National Grid warns nation to prepare for blackouts

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The National Grid chief has warned that households may be forced to endure blackouts over the winter if gas imports are reduced. John Pettigrew has said these blackouts may take place between 4pm and 7pm on “really, really cold” days in January and February.

However, it is hoped this would be a worst case scenario and only imposed if electricity generators did not have enough gas to meet demand.

Earlier this month the National Grid put the country on notice that the chance of blackouts had increased and that three-hour power shortages might be necessary in the “unlikely” event of gas supplies failing to meet demand.

This is the first time the electricity and gas operator has given an exact time as to when the blackouts would be.

Britain gets 40 percent of its electricity from gas-fired power stations while gas heats the vast majority of homes, reported Sky News.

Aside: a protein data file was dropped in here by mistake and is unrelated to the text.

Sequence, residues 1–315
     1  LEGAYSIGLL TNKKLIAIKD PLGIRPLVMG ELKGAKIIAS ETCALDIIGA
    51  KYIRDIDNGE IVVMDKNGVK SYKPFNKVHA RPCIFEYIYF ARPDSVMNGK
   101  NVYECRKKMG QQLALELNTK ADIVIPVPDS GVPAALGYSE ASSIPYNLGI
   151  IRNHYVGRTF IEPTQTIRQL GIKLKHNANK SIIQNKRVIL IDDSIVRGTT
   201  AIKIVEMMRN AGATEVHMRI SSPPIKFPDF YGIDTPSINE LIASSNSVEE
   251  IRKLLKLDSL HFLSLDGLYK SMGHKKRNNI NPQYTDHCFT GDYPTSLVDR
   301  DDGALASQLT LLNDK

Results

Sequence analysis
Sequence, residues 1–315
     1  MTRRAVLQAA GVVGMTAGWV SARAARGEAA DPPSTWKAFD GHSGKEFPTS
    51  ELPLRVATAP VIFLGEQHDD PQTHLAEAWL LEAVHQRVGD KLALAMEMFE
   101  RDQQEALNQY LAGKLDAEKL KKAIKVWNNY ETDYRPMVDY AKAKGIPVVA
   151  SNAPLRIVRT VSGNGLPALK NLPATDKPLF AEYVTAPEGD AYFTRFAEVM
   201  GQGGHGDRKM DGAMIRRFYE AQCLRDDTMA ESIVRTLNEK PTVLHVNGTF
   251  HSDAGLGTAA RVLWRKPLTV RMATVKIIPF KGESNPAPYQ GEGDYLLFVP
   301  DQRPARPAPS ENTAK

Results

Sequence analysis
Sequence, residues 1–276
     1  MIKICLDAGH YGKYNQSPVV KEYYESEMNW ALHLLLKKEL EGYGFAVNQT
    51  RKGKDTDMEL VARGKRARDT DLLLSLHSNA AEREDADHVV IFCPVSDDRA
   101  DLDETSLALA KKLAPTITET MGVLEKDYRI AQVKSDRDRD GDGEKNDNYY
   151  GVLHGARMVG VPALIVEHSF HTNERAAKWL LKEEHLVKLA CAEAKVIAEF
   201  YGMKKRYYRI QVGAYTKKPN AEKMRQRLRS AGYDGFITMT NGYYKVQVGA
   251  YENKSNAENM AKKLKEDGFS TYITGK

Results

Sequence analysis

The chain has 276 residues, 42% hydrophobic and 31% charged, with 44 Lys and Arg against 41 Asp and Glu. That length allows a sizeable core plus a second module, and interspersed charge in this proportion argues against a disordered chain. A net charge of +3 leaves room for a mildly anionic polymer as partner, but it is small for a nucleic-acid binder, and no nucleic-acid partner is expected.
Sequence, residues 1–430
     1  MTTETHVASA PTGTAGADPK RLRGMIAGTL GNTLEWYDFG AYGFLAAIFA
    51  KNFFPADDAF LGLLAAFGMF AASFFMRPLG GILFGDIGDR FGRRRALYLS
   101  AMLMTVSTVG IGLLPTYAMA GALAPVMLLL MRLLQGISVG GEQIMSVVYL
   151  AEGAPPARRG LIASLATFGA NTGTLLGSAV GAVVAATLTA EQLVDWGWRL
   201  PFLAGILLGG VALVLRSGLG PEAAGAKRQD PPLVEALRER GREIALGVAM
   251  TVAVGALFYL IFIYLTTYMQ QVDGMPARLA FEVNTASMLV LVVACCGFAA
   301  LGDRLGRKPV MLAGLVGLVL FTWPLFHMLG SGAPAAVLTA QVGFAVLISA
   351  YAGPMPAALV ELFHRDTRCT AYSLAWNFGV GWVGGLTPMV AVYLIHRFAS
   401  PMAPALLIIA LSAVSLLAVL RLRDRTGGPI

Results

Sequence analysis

While Britain does not rely directly on Russia for its gas, it does import supplies from other countries in Europe that do.

A number of measures have been planned to try and reduce the chances of blackouts, including placing coal-fired power stations on standby instead of retiring them as previously planned.

The Government is also considering a demand flexibility service, with consumers being rewarded for not using power during peak times.

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This means some customers, starting with the largest industrial businesses, will be asked to stop using gas temporarily.

The National Grid said: “In the unlikely event there is insufficient gas supply available in GB to meet demand, and should the market be unable to resolve the resultant imbalance, we have the tools required to ensure the safety and integrity of the gas system in the event of a Gas Supply Emergency.

“All possible measures would be taken to minimise the extent to which we use these tools.”


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